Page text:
Aquaman: The Unaired TV Pilot
Tom Curry...Lou Diamond Phillips
Inspired by the success of Smallville, based on the life of a not-yet-Superman Clark Kent, DC Comics decided to produce another similarly-themed show based on one of their characters: Aquaman. Originally to be titled Mercy Reef, they opted for the eponymous title sometime during production, but it mattered not either way. The show was not picked up by a network, and the pilot was never aired on TV.
Ten years ago, young Arthur “A.C.” Curry and his marine biologist mother Atlanna, are flying over the Bermuda Triangle, when the seahorse necklace that she is wearing lights up, apparently sending a signal to something lurking deep beneath the ocean. The waters erupt in a burst of light, and their plane is taken down. Atlanna tells her son to “Lead a good life”, and then she is gone. A.C., on the other hand, is carried to safety on the back of a whale.
Flash forward to “This Morning,” Tempest Key, Florida, where an older A.C. (sporting his mother’s necklace) is part-owner of a diving shop/restaurant/charter boat company, along with his friend Eva. He finds himself in a spot of trouble when the sheriff (Lemonhead from The Shield) comes around questioning him about some dolphins that were illegally released from captivity. A.C. later tells Eva that he did it because they were calling to him, in some sort of “weird empathy.”
A.C.’s adopted father Tom Curry (of the Coast Guard) rescues a young man from the ocean with “no boat, no I.D., and no idea where he came from.” Strange thing is, he’s wearing a seahorse necklace just like A.C.’s. Stranger still, his dental records seem to suggest that he is Vincent Thompson, a passenger of Flight 19 that went down in the Bermuda Triangle way back in 1945. And he’s not the first missing person to show up all these years later, still as young as the day they disappeared. How can that be? That’s what the mysterious Brigman and his Project Novus is trying to figure out.
A.C. is still completely in the dark about everything until he meets Nadia, an attractive young vixen who turns out to be a Siren—sort of a killer cross between a mermaid and a zombie. She attacks him and A.C. is saved by the big bald bad-ass McCaffery (Ving Rhames, who is playing pretty much his usual character here.) McCaffery tells A.C. that he is heir to the throne of Atlantis, but a group of underwater rebels want him dead, just like his father the emperor, whom they killed. McCaffery, an Atlantean refugee himself, helped Atlanna and her young son escape from the undersea kingdom many years ago. But now that the rebels have found him, A.C. must embrace his True Destiny: “To defend this world which you have embraced as your own, and protect the ocean from which you were born.”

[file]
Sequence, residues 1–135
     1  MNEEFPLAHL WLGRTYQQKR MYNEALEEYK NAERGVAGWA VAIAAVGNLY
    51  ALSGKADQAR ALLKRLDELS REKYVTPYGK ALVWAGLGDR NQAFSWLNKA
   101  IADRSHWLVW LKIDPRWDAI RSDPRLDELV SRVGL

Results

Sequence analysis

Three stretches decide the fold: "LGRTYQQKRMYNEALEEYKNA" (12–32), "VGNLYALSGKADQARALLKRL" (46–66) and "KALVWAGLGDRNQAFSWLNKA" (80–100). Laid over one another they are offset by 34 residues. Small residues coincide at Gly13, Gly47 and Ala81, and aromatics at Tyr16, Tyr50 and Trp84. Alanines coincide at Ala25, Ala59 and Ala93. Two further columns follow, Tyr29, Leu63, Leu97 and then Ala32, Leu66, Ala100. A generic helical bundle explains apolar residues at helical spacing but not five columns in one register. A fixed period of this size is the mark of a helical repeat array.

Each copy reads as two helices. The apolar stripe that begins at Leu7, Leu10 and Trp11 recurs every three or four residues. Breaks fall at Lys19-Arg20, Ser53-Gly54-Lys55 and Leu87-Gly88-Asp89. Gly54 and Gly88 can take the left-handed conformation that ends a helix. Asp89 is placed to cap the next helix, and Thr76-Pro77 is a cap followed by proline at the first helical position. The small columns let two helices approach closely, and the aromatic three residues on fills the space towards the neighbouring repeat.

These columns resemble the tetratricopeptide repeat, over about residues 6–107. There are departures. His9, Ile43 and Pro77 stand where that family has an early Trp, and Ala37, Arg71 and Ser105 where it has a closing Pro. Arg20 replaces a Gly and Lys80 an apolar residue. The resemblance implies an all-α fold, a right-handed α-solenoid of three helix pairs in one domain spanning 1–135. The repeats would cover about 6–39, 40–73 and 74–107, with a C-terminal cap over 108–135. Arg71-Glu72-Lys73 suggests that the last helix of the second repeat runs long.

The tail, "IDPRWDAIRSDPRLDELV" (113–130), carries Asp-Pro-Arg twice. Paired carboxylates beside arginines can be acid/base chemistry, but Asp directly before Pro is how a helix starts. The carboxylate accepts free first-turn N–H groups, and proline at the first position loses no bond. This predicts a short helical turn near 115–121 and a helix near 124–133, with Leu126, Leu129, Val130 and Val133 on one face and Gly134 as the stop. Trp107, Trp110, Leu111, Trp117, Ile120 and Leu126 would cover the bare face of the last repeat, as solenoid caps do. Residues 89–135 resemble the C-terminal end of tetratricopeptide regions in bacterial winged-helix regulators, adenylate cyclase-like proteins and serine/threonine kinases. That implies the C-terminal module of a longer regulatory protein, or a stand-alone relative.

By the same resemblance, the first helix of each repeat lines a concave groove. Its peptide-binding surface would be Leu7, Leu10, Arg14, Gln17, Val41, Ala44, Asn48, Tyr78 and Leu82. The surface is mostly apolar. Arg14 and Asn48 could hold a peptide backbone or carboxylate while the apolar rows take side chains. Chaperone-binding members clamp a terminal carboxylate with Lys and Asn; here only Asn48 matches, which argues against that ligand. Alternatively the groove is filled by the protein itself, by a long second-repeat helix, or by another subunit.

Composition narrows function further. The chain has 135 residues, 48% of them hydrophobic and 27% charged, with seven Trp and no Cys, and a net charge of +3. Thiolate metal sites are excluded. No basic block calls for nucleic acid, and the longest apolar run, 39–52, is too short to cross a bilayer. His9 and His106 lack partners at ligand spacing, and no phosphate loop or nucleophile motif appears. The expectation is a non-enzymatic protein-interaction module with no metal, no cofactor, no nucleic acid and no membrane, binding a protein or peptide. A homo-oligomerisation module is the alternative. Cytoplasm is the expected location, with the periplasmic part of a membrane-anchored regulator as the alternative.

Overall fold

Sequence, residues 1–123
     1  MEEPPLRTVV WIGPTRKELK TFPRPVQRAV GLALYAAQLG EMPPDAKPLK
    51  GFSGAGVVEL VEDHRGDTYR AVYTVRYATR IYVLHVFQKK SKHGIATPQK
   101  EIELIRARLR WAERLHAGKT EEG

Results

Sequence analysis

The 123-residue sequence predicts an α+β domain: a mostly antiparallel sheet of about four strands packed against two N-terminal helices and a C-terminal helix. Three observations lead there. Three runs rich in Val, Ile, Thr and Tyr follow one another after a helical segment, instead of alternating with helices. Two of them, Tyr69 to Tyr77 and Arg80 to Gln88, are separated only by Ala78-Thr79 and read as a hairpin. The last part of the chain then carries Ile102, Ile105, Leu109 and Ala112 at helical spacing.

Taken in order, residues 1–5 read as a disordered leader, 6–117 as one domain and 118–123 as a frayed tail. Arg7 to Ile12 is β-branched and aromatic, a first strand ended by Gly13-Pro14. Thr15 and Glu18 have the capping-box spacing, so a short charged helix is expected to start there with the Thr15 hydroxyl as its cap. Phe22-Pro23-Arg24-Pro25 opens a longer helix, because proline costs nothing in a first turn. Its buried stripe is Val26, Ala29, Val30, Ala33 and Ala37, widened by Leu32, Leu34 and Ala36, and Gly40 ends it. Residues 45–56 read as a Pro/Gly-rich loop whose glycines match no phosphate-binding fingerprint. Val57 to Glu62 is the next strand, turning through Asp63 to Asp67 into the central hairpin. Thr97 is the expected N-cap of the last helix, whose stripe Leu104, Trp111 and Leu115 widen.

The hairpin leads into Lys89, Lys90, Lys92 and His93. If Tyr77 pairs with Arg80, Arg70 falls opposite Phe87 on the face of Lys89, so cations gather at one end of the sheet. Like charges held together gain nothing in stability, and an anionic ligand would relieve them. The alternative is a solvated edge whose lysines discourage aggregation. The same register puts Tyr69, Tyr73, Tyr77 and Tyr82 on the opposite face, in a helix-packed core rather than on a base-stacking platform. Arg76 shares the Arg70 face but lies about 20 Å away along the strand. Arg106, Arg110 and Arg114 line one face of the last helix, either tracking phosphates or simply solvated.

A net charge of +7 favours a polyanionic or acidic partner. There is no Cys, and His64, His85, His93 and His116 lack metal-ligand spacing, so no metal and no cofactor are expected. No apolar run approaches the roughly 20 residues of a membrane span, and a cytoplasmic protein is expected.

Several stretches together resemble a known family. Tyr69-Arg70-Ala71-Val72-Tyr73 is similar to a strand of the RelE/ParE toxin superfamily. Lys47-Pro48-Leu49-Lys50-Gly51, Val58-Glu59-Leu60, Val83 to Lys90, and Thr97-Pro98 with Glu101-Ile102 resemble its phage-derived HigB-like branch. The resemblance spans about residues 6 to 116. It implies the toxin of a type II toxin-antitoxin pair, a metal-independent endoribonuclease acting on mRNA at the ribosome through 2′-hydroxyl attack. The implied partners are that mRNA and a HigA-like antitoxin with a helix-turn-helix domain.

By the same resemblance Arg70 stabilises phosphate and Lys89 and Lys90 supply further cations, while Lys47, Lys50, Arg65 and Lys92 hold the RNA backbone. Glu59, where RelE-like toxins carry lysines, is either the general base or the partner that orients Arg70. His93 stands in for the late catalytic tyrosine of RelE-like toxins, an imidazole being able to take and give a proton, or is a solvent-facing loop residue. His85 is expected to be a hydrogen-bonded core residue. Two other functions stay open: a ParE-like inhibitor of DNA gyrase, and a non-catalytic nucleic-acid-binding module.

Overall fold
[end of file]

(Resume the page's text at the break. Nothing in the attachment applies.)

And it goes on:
After another minor skirmish with Nadia, A.C. is ready to accept his destiny and McCaffery is signed on to be his mentor.
The showrunners were trying to squeeze an awful lot into the pilot episode, and it shows. This just means, however, that had the show been picked up, there would have been a myriad of story lines to run with. The similarities to Smallville are obvious: both shows start with a disaster scene that solidifies the origins of the main characters; both feature young superheroes slowly discovering who they are and what they are capable of; both raise the same questions—if Smallville is overrun with poisonous meteor rock (Kryptonite), why do the Kent’s insist on staying there? And if the Bermuda Triangle is such a dangerous place for A.C., why did Atlanna and McCaffery keep him so close? There are plenty of other oceans they could have swam in.
Regardless, fans of Smallville probably would have become fans of this show as well, as it maintains the same sort of vibe (although perhaps just a hair less saccharine sweet.) It’s a shame that the show wasn’t picked up for at least a season to give it a shot. Even though Aquaman is a bit of a second-tier character, and an odd choice for his own TV series, it could have been great had it been given a chance to breathe (even though the Ving Rhames character probably wasn’t the best idea.)
I viewed it on AOL some time back, but it no longer seems available there. However, a quick internet search turned up a number of hits where it can be viewed by probably-less-than-legal means.
Do with it what you will.